Guardians of Life

Madonna and Child by Raphael

Madonna and Child by
Raphael

Sometimes the mind-boggling fact springs upon me: I can grow human beings in my body. It seems like fairy tale magic or a science fiction movie. A human being that will have eye lashes and finger nails, desires and talents, buttons to be pushed and flaws. My very body is made to be a guardian of life. Heartbreaks, pride, anger, first kisses, a love of raspberries, bad eyesight, bad tempers, good heart, a good singing voice, best friends… All of that lies in waiting inside of me.

Sometimes, when my family is home, I look around the table and marvel that my three siblings and I once were housed safely in the refuge of my mother. We, the towering Clarksons, we were once small. We stretched and pained her, and she bore us. Each of us scratched lines in her belly so she wouldn’t forget we’d been there. And now…we are an alphabet of personality types, a instagram filter of colorings, a Thomas Hardy novel of burgeoning desires.  A solid 24 feet between the 4 of us. And I look at my mother and I am astounded. I wonder if she ever knew that we laid waiting inside of her.

The womb seems to me the most powerful feminine space. I have at times thought it unfair that women bear all of the ramifications of pregnancy, but I think they bear most of the glory too. Miracles can grow inside of us, and I think that makes us rather miraculous. For many, this miracle is their greatest fear, and that makes sense. It is not my fear, but give me a few years and a belly full of a human and I may change my mind.  2 Corinthians 4:7 says “But we have this treasure in earthen vessels…” It was perhaps not the intention of the verse, but as a little girl I intuitively connected this verse to women. Treasure in earthly vessels. It reeks of the sacramental.

What wonderful, mighty, and mysterious creations we women are.

When I dwell on the miracle and mystery of life, pregnancy, and birth, I am filled with a sense of awe. I feel I should take off my shoes for fear of treading on holy ground.

Lost in this wonder, I am brought down with a thud. In this most holy and feminine place, people come wielding sharp tools and vacuum cleaners. What I see as the someday ENFP’s and ADHD’s, someone sees as “tissue donation.” I balk and gag at the horror, but am told not to worry: It’s all quite legal. When did something being legal ever make it right?

“Safely”, “legally”, and about 1.2 million times a year, life is sucked from the womb. The miraculous is swallowed up in death. I can’t comprehend it. I don’t know what it means. I fear I might break in two if the reality of it fell upon me.

Have we grown so cold and calloused that we can speak of these miracles and massacres in forensic terms? How can anyone, while crunching salad, speak of crushing bodies with a careless, old-hat sigh? How do our stomachs not turn? How do we not cry out?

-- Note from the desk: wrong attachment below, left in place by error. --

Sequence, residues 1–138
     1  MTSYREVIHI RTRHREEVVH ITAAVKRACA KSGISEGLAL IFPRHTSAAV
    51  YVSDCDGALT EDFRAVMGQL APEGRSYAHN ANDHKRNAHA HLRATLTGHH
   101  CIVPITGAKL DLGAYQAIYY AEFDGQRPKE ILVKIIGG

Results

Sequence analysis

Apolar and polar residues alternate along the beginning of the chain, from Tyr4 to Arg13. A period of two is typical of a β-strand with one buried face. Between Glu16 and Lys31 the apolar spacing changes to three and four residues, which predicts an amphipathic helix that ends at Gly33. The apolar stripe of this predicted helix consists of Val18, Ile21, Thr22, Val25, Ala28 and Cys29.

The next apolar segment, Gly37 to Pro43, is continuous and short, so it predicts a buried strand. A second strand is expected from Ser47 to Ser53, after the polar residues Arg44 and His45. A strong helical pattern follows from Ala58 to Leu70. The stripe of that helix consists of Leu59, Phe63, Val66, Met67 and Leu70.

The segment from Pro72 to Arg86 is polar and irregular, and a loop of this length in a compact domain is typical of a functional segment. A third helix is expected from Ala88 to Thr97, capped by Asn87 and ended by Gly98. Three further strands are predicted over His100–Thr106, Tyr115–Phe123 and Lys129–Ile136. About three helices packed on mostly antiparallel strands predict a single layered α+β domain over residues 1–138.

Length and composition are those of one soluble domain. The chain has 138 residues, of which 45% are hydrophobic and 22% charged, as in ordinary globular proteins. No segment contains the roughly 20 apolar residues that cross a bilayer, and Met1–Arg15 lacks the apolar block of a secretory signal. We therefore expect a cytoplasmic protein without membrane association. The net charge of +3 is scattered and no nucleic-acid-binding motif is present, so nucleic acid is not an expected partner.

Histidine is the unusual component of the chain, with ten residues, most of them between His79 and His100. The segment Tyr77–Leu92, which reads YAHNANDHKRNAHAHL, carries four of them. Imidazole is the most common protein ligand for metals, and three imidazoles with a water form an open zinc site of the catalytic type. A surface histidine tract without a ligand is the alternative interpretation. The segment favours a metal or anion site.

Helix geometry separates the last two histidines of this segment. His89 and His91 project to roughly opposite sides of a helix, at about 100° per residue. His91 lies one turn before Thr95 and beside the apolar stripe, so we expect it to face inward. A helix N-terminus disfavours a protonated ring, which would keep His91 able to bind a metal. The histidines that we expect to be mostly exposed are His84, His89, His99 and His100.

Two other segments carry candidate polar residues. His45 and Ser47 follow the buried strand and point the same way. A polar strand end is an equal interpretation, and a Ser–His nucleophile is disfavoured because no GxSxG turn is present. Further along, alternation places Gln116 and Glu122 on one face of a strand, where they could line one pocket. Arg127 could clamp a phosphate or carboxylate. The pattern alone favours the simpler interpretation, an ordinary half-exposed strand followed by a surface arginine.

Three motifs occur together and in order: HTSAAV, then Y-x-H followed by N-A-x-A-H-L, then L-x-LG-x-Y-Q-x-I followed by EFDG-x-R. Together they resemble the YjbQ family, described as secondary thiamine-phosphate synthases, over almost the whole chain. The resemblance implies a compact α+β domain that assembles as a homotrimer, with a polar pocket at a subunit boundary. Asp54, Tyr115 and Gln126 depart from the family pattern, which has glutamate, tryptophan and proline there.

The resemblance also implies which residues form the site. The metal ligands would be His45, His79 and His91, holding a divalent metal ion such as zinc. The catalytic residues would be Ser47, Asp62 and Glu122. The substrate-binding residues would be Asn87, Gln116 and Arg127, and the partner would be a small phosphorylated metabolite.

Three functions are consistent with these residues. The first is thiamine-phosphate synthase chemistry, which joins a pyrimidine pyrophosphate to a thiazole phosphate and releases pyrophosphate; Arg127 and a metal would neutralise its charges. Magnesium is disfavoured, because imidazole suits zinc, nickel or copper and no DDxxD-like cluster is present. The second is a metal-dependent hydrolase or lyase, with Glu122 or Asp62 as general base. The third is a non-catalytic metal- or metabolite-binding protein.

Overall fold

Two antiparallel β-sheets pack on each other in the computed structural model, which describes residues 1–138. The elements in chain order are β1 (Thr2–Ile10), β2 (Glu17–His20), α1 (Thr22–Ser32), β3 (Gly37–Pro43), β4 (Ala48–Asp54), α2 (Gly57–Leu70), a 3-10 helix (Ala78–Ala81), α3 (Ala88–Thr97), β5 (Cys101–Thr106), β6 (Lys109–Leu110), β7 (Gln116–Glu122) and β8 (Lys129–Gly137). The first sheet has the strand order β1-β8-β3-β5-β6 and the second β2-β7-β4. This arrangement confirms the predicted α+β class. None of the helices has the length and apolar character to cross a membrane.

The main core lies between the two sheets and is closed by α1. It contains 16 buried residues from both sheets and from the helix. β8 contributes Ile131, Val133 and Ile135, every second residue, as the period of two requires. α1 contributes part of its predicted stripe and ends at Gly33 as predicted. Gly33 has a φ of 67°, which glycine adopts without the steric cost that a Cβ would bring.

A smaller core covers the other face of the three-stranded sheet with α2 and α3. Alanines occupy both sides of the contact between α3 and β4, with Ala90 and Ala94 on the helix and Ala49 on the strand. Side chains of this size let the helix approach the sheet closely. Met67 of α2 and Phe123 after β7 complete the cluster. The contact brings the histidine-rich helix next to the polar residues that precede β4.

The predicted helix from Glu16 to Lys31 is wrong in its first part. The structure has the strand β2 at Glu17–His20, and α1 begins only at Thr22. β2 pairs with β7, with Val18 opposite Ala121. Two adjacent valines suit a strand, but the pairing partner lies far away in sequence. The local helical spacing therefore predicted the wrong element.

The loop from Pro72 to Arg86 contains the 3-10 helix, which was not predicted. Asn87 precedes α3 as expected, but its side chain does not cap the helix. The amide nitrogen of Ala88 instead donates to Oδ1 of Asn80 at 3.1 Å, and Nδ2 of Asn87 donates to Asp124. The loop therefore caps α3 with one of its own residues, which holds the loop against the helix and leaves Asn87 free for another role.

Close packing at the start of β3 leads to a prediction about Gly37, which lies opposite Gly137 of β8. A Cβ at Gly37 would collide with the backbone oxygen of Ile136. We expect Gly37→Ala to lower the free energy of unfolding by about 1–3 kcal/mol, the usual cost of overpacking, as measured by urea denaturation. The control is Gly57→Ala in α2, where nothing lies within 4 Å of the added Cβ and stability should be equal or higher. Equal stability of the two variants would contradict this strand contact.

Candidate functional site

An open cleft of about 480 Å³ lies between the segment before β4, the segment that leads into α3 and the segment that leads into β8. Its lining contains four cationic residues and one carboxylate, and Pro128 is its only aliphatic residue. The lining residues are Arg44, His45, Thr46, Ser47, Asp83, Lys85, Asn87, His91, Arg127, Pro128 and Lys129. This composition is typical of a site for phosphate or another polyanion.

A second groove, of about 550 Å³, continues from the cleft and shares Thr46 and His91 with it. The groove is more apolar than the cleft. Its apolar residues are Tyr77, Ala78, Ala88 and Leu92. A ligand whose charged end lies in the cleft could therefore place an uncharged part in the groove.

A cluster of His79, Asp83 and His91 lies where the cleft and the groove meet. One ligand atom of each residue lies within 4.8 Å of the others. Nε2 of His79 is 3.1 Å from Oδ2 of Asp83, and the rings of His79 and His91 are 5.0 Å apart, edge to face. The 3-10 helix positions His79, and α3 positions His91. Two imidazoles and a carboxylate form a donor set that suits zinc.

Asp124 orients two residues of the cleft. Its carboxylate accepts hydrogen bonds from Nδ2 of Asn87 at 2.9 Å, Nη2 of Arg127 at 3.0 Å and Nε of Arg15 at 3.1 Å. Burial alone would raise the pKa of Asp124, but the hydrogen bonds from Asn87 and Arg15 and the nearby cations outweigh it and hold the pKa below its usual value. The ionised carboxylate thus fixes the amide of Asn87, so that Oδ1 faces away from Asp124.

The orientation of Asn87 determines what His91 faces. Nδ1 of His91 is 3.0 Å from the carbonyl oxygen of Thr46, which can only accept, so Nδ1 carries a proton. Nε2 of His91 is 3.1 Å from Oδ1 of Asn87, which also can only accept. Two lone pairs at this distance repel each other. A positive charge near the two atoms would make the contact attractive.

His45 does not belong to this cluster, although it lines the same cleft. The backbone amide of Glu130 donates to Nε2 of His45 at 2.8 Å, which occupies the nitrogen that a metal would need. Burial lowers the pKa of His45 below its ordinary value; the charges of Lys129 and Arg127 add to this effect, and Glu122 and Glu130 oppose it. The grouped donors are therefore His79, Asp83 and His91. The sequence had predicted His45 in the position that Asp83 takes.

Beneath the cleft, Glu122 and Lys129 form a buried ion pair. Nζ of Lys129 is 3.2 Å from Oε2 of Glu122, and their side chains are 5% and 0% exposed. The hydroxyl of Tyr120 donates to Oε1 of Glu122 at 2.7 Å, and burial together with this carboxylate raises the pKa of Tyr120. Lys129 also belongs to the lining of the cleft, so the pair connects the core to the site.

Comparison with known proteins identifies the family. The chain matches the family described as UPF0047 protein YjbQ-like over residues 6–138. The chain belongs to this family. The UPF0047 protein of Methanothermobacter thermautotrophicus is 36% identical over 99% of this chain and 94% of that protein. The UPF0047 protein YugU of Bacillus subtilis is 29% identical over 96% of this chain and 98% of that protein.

I used to think that some things were universally indefensible. Though it never particularly came to my mind as a salient possibility, selling (or compensating or donating or whatever rhetorical term you want to try and give it) the body parts of crushed infants seemed to me to be on that list.  It baffles me with what nonchalance these allegations have been received. It is not as though these actions have been denied; no, indeed! They have been justified, qualified, given different names, and made out to be actions which might make a woman feel like her “experience” was more meaningful. Rhetoric certainly is powerful, but I can’t help but think that plain old self deception wields an even mightier grasp.

Surely, we have eyes, but do not see.

We have ears, but we do not hear. (Jeremiah 5:21).

Could there be any greater violence against women than this?

With my ear against the wall of my country’s public sphere, I hear angry voices shouting “LIFE!” and “CHOICE!” Perhaps we have forgotten what these words mean.

Life.

This gift we all receive and do nothing to merit.

Choice.

Power which shapes our lives given to us with our first breaths. Yes, choice is a grace we could not have were it not for the gift of life given to us in the womb of a willing woman.

And so, we as a Nation choose to use the gift of life to enable us to choose those we deem able, deserving, and convenient of this gift, and those we deem unfit, undeserving, and inconvenient. Oh, we are presumptuous on the mighty power that has wrought these choices in us. We should tremble.

Sometimes the mind-boggling fact springs upon me: I can grow human beings in my body. It seems like fairy tale magic or a science fiction movie. More than this, it is a grace and a holiness. One which shapes who I am. And I find myself fierce with the desire to protect these holy spaces, to be awake to their majesty. I want to be a guardian of the mystery, the grace, and the right to life.

For You formed my inward parts;

You wove me in my mother’s womb.

I will give thanks to You, for I am fearfully and wonderfully made;

Wonderful are Your works,

And my soul knows it very well.

Psalm 139:12-14

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